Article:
http://www.smallfarmcentral.com to read the rest of the abstract and
fill out our survey. We are also in the process of forming a core
group of farmers who will work closely with the development team
throughout the process and then receive free access to the development services.
Please forward this email on to any farmer or group that you think may
be interested in being a part of this project.
You might want to add blog software to the applications you make available to them.
Blogs, being interactive and allowing uploads of photographs and feedback submission, are a colorful and useful tool for small farming operations. Customers like seeing pictures of the farms and produce grown on them.
Google's Blogger offers free blog service and its pretty elegant for a freebie. Wordpress is good blog software.
Here's an example of what can be done with Blogger:
- Please forward this email on to any farmer or group that you think may be interested in being a part of this project.
Simon Huntley, Lead Developer
7. Take The Right Steps
Steps to get safe food from the farm or your garden
What can growers do to reduce the risk of their products being involved in a situation like the ongoing spinach problem in California’s Salinas Valley?
Step 1: Know what’s going on in your production program so you have an idea where the critical points are, i.e. those points where contamination could most likely occur.
Step 2: Be aware of potential contaminants in your area. According to health officials, likely sources of contamination in the Salinas situation include irrigation water, livestock manure, or a contaminated processing facility. Make sure that these are not a potential problem in your operation.
Step 3: Follow good field sanitation practices. Insist field workers wash their hands with soap and water after using toilet facilities. Provide rubber gloves for workers who are handling the product. Park toilets along side the field, not in the field where spillage might contaminate the product.
Step 4: Enlist the help of a third-party auditor. If you do not now use an outsider or third party to periodically check your operation from a sanitation standpoint, consider it. These people can often see potential problems that haven’t even entered your mind.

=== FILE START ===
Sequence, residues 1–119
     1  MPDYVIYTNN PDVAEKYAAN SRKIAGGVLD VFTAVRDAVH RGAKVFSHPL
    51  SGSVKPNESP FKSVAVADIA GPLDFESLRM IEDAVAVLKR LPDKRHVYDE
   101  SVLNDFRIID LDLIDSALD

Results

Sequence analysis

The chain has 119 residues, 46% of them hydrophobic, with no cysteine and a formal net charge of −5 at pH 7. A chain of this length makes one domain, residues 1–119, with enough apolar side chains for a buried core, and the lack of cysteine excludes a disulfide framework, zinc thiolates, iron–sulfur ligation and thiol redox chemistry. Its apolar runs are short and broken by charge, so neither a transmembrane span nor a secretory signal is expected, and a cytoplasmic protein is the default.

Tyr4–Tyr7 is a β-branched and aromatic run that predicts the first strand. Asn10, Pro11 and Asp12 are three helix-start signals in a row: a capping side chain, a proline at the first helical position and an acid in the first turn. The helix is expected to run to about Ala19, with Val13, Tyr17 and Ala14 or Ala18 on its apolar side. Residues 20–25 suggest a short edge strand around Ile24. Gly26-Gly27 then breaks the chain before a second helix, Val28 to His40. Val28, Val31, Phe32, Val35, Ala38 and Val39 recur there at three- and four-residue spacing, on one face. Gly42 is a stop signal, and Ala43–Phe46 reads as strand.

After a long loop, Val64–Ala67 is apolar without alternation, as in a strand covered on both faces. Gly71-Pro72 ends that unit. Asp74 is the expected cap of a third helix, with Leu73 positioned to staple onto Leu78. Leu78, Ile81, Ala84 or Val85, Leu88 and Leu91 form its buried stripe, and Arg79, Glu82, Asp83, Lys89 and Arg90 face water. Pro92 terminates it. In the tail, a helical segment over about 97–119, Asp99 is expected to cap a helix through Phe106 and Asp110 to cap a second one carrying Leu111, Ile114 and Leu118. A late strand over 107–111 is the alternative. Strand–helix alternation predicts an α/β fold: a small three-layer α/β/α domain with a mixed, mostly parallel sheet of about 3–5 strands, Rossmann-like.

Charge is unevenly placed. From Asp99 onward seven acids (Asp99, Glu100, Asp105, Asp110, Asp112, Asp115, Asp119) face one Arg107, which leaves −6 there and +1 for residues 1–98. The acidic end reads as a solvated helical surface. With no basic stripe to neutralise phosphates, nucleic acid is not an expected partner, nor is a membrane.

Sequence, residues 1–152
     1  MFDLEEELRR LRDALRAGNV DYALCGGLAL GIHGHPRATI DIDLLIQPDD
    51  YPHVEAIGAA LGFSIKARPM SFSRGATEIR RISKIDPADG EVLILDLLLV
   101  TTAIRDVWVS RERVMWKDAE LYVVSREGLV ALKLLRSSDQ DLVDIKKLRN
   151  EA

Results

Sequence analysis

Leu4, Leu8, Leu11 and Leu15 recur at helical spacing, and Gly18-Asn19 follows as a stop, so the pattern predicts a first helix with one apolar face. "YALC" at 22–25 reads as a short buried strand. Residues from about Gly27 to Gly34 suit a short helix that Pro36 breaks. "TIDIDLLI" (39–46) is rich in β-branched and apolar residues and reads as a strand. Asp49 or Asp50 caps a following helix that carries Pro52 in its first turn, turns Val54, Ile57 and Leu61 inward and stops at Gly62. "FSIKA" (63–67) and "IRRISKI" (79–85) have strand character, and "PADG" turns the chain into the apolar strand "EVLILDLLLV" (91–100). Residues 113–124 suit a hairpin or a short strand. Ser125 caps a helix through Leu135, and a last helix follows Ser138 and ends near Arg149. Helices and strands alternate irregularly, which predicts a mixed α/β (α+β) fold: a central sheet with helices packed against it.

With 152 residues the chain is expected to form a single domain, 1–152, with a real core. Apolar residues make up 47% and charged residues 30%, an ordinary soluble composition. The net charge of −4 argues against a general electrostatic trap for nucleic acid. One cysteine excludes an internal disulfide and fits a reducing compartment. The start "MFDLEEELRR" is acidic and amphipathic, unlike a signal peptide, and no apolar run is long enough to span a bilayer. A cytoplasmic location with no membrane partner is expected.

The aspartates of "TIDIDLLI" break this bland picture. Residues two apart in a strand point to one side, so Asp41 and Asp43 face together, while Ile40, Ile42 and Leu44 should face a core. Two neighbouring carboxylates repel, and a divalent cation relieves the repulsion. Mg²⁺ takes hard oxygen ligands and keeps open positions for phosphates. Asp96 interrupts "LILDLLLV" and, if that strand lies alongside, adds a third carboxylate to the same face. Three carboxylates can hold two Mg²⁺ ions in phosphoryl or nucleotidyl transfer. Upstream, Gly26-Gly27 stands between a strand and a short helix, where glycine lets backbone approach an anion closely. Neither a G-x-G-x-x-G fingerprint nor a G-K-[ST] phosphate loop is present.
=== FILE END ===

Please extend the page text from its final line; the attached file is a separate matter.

Step 5: Consider controls on outside people visiting your operations. Visitors might not respect the sanitation practices and requirements of your operation and could bring in problems from the outside.
These and more things are all part of the Food & Drug
Administration’s (FDA’s) GPA (Good Agricultural Practices) and GPM
(Good Manufacturing Practices) guidelines.
8. Reduce Your Risk
Growers need to take action to prevent a foodborne illness outbreak.
The E. coli outbreak in spinach impacts the entire fresh produce industry. As most people know, the spinach has been traced back to operations in Salinas, CA. FDA is investigating to determine the exact cause of the outbreak. The question now is are you doing all you can to ensure the safety of the vegetables you produce?
Because food safety and traceback are such critical issues for growers – now more than ever – the editors at American Vegetable Grower have compiled a list of Web sites growers can turn to for more information on these critical topics.
For updates on the latest news regarding the outbreak of E. coli in spinach, visit the following Web sites:
Spinach and E. coli Outbreak
Produce Marketing Association
Visit the sites listed below for information on food safety, traceback, Good Agricultural Practices, and Best Management Practices.
University of California Good Agricultural Practices http://ucgaps.ucdavis.edu The University of California-Davis offers information on Good Agricultural Practices with a focus on production, harvest, and processing of foods.
Guide To Traceback of Fresh Fruits
and Vegetables http://www.fda.gov/ora/Inspect_ref/igs/epigde/epigde.html
Microbial Food Safety
National Food Safety
FDA Guidance Documents
Agricultural Best Management
If you would like to access a searchable archive of the all the previous Mich-Organic listserv postings copy this URL and paste in your browser address field http://list.msu.edu/archives/mich-organic.html